Winding Stair (9781101559239)

Winding Stair (9781101559239) by Douglas C. Jones Read Free Book Online Page A

Book: Winding Stair (9781101559239) by Douglas C. Jones Read Free Book Online
Authors: Douglas C. Jones
overhead. The wind and rain and hail beat against the house, and once, I heard glass shattering. Joe Mountain was squatting beside me in the dark and he pressed something into my hand, round and hard.
    â€œApple,” he said, and I heard him bite into one of his own.
    There was a strange detachment from reality sitting there with no light. Like a vacuum in time and space, or an absence of gravity, where a man had to hold his hand to the floor beneath him now and again to keep from rolling over on his side like one of those ball-bottom dolls children play with. When Schiller and Moon began to talk, their voices came out of the void, disembodied, causing my mind to reshape the structure of their faces from the sounds alone. The sandstone rasp of Schiller’s voice made him seem larger than I knew he was, and George Moon’s slurred speech created the image in my mind of a flat, high-cheeked face, dark and with one milk white eye.
    â€œGeorge, this looks like more than just turning the wolf loose,” Schiller said. “Did Thrasher keep money here?”
    â€œNot that anyone around here ever heard of,” George Moon said. “He made a little each year contractin’, but mostly spent it as he made it. He traded a little corn each year with the store in Hatchet Hill, for tobacco and dress cloth. He may have made a little bettin’ on races. But I don’t think they were after money, except what was layin’ around loose.”
    â€œWhat was it, then?”
    â€œIt was the horse,” Moon said.
    From beside me, Joe Mountain spoke, his mouth full of apple. “There ain’t a horse left on the place now. There ain’t no stock. There’s a milk cow in the barn, been shot half a dozen times, and dead.”
    â€œHe had a few beef cattle,” Moon said. “They’d be up in the woods now, in some of those old clearings, out on spring graze.”
    â€œThey ain’t no cattle tracks out of here,” Joe Mountain said.
    â€œWhat horse are you talking about, George?” Schiller asked.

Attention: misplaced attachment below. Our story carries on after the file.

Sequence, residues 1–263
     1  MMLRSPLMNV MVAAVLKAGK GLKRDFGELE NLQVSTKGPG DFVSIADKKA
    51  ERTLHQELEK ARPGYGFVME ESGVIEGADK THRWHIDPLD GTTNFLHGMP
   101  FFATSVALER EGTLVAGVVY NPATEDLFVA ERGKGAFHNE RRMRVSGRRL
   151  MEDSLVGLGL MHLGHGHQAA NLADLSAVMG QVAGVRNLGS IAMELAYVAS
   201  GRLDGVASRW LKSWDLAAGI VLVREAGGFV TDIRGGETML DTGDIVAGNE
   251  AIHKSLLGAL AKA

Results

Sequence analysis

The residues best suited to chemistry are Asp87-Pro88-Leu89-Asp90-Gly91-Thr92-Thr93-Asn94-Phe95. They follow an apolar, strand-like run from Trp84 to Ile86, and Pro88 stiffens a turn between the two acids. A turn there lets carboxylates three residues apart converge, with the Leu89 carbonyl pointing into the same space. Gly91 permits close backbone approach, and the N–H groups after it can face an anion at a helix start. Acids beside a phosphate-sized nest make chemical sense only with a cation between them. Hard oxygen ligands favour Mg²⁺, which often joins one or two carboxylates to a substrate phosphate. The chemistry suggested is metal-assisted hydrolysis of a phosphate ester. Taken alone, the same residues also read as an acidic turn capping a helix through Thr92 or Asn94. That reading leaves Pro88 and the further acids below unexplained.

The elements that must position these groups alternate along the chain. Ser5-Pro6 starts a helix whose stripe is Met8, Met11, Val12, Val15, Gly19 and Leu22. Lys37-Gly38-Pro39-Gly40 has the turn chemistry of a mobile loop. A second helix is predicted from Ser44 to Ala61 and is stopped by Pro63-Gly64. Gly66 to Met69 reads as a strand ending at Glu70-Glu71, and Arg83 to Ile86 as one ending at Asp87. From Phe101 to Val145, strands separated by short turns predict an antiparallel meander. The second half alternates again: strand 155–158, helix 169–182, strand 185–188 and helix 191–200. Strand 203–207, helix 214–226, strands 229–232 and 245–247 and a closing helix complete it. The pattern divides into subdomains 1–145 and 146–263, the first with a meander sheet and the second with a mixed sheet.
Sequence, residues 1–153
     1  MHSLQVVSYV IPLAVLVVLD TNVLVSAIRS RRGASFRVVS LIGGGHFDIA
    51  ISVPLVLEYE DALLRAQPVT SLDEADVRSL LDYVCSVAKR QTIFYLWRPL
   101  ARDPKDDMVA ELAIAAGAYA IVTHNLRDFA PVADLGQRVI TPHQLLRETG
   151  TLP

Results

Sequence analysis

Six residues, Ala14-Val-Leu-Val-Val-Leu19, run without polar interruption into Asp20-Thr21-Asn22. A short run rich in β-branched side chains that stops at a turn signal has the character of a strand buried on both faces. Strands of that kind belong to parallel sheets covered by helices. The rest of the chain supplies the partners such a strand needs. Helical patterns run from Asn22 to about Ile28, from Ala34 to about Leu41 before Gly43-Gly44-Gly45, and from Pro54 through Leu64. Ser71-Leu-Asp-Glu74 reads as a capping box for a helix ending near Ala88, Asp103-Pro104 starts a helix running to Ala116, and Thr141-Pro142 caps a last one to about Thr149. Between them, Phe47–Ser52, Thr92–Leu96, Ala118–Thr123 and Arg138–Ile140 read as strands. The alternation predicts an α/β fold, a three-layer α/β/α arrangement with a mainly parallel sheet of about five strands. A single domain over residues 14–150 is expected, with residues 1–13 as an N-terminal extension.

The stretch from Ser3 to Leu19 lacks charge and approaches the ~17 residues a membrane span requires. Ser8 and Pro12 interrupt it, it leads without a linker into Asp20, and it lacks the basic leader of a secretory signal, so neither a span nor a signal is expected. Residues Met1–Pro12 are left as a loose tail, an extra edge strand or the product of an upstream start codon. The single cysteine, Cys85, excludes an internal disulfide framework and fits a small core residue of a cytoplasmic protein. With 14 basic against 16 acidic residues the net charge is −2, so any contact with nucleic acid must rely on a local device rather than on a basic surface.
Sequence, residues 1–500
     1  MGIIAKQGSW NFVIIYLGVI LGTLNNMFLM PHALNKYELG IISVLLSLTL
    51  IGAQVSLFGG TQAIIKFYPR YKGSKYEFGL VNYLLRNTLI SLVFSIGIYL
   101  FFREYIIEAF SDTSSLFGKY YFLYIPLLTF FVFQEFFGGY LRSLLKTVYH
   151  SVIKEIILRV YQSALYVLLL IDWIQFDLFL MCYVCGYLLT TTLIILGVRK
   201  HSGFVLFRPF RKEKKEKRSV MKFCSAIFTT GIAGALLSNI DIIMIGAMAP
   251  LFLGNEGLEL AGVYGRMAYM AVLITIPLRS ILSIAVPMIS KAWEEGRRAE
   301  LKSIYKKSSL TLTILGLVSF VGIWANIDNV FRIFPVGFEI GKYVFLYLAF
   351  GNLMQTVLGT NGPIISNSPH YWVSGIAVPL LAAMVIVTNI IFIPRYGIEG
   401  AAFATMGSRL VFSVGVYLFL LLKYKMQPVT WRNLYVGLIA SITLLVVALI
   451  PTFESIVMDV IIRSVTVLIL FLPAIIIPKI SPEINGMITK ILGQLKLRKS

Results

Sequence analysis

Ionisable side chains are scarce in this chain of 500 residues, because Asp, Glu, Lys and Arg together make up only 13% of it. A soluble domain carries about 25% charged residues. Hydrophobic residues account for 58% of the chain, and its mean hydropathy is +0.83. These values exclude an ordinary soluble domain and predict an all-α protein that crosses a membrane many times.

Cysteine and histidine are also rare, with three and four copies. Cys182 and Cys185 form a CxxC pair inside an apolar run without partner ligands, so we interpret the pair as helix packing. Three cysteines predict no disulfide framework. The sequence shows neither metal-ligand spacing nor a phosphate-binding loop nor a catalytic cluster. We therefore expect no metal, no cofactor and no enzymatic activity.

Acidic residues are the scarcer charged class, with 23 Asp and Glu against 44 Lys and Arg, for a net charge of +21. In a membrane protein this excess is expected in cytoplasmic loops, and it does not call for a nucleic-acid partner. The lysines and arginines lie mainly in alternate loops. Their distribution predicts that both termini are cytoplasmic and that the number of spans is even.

â€œHe’s a black racer. A stallion Mr. Thrasher bought in Texas a few years back. All black except for stockings on the rear hocks. Thrasher had some ordinary farm stock, but the black was a racer. Never bred to harness, Cap’n. Just a racer. Mr. Thrasher branded him with a T on the left flank, but it was hid by the saddle fender when he was rigged up. Mr. Thrasher didn’t want no brand that showed on his hide in races, because I guess he didn’t want to mark up that black coat at all.”
    There was a long silence while the storm raged above us. Then Schiller spoke again.
    â€œAll right. The racer’s gone. And the two women. What about the women, George? Tell me about the women.”
    Once more, a long silence. Listening to the rattle of hail on the house, I wondered where the other Choctaw policemen and Blue Foot had taken refuge from the storm. Then George Moon spoke again.
    â€œWell, Cap’n, Mrs. Thrasher was a barren woman but a rich one. Not money rich, but land rich. She’s got family off down south of McAlester somewhere. But she owned this place, her and her first husband. They had no young’uns either. But she got this place when her daddy died, him as had come from Mississippi when he was a boy and took up this land.”
    â€œChoctaws.”
    â€œSure. When Mr. Thrasher married, he got hisself a well-to-do woman.”
    â€œDid she gad around?”
    â€œHell, no. She was a comely woman but a homebody. She visited a little here on the mountain, but that’s about all.”
    It suddenly occurred to me that they were speaking of this woman in the past tense, as though she were already gone. As I sat there in the dark, it was not a comforting thought.
    â€œAll right, George. Now about the girl.”
    â€œA real pretty little thing,” he said. “Blond hair and blue eyes. Jennie is what they called

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